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This short video explains how COVID vaccines are made
The COVID-19 vaccine teaches your immune system to recognize the coronavirus. When you get the vaccine, your immune system makes antibodies (“fighter cells”) that stay in your blood and protect you in case you are infected with the virus. You get protection against the disease without having to get sick.
When enough people in the community can fight off the coronavirus, it has nowhere to go. This means we can stop the spread quicker and get a little closer to ending this pandemic.
You may see some rumors and untrue ingredients listed online or in social media. These are generally myths. The ingredients in the COVID-19 vaccines are pretty typical for vaccines. They contain the active ingredient of mRNA or modified adenovirus along with other ingredients like fat, salts, and sugars that protect the active ingredient, help it work better in the body, and protect the vaccine during storage and transport.
See this Q&A webpage from the Children’s Hospital of Philadelphia for more information about ingredients. You can also find the full ingredients lists in the Pfizer, Moderna, and Johnson & Johnson fact sheets.
A messenger RNA, or mRNA vaccine is a new type of vaccine. mRNA vaccines teach your cells how to make a harmless piece of the “spike protein.” The spike protein is what you see on the surface of the coronavirus. Your immune system sees that the protein doesn’t belong there and your body will start to build an immune response and make antibodies. This is similar to what happens when we “naturally” get a COVID-19 infection.
Although we have used mRNA for other types of medical and veterinary care in the past, creating vaccines using this method is a huge leap forward in science and may mean future vaccines can be created more easily.
You may read more about how mRNA vaccines work on CDC’s website, or watch this video from Dr. Paul Offit at the Children’s Hospital of Philadelphia.
This type of vaccine uses a weakened version of a different virus (the “vector”) that gives your cells instructions. The vector enters a cell and uses the cell’s machinery to create a harmless piece of the COVID-19 spike protein. The cell displays the spike protein on its surface, and your immune system sees that it doesn’t belong there. Your immune system will start to make antibodies and activate other immune cells to fight off what it thinks is an infection. Your body learns how to protect you against future infection with COVID-19, without you having to get sick.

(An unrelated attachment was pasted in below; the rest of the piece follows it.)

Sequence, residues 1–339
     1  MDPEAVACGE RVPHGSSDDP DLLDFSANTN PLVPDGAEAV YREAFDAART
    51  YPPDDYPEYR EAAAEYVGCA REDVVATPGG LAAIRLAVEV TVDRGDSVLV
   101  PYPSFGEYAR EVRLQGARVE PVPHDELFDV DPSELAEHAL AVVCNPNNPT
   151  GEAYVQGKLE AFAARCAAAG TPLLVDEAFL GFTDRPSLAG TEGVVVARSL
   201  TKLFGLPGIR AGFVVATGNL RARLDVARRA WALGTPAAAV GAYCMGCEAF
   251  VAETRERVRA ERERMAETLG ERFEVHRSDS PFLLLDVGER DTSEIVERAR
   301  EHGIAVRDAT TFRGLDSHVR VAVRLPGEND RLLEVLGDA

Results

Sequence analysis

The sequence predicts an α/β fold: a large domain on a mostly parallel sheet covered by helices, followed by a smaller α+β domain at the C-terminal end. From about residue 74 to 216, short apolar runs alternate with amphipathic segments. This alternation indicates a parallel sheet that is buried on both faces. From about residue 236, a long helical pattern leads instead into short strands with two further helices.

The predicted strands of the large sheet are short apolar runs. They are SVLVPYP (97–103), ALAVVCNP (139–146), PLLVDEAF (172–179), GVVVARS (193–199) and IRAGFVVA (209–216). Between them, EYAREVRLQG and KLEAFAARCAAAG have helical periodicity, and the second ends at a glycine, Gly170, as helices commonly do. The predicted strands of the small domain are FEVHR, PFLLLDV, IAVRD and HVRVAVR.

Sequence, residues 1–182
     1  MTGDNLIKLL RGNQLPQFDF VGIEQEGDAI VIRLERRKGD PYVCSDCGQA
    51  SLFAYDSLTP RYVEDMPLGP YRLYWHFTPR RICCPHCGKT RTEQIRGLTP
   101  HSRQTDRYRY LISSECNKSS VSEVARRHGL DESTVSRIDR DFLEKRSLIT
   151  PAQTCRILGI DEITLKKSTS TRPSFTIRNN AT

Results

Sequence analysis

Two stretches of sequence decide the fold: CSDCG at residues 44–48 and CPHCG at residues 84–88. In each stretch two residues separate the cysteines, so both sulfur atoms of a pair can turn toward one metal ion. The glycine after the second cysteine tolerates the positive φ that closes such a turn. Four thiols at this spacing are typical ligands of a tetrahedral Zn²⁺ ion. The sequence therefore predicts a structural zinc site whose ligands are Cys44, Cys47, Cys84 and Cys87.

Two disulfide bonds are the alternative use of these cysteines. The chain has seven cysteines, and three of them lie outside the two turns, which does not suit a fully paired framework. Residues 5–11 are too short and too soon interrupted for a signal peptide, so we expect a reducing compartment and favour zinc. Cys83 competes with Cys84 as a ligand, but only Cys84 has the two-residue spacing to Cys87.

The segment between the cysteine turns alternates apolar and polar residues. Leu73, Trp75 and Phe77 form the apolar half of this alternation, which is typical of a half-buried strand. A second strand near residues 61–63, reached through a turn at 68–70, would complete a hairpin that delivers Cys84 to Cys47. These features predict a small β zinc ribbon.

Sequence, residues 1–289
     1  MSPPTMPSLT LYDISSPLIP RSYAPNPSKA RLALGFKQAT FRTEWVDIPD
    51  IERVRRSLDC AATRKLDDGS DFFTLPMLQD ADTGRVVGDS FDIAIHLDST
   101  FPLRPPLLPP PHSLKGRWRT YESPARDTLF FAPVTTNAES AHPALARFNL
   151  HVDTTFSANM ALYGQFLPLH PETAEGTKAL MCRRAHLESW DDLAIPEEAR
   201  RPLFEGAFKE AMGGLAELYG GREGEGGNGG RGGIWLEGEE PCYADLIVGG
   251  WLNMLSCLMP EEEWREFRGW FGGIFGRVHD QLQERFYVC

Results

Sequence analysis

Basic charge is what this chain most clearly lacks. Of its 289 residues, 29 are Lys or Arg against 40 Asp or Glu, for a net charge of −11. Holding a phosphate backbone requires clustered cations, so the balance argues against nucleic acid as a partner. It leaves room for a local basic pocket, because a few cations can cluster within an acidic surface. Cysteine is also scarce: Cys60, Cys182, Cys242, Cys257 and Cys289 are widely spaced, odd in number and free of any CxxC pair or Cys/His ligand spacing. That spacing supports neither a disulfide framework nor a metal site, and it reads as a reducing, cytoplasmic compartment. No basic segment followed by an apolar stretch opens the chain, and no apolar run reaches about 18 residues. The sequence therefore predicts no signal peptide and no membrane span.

Like other routine vaccines, the most common side effects are a sore arm, fatigue, headache, and muscle pain.
These symptoms are a sign that the vaccine is working. In the Pfizer and Moderna trials, these side effects occurred most often within two days of getting the vaccine, and lasted about a day. Side effects were more common after the second dose than the first dose. In the Johnson & Johnson clinical trials, side effects lasted an average of one to two days.
For all three vaccines, people over 55 were less likely to report side effects than younger people.
Clinical trials found that approximately:
You may see some rumors about untrue side effects online or on social media. Make sure any time you see a claim about a side effect that you check the source of that claim. This video can teach you more about how to figure out if a claim online is true or not.
The vaccine should not be given to people with a known history of severe allergic reaction, such as anaphylaxis, to a previous dose of an mRNA or viral vector vaccine, or to any ingredient of the Pfizer-BioNTech, Moderna, or Johnson & Johnson–Janssen COVID-19 vaccines.
People who have had a severe allergic reaction to other vaccines or injectable therapies may still be able to receive the vaccine. However, providers should do a risk assessment and counsel them about potential risks. If the patient decides to get the vaccine, the provider should observe them for 30 minutes to monitor for any immediate reactions.
The Advisory Committee on Immunization Practices (ACIP) recommends that providers observe all other patients for at least 15 minutes after receiving the vaccine to monitor for an allergic reaction. See ACIP’s interim clinical considerations for mRNA vaccines for more information.
Yes. People who are pregnant, lactating, or planning to become pregnant may choose to get the vaccine any time.
The American College of Obstetricians and Gynecologists (ACOG) and the Centers for Disease Control and Prevention (CDC) recommend you talk with your health care provider about whether the vaccine is right for you. While safety data on the use of COVID-19 vaccine in pregnant people is limited, the information we have is reassuring.
If you would like to speak to someone about getting the COVID-19 vaccine during pregnancy, please contact MotherToBaby. MotherToBaby experts are available to answer questions in English or Spanish by phone or chat. The free and confidential service is available Monday to Friday 8 a.m. to 5 p.m. (local time). To reach MotherToBaby: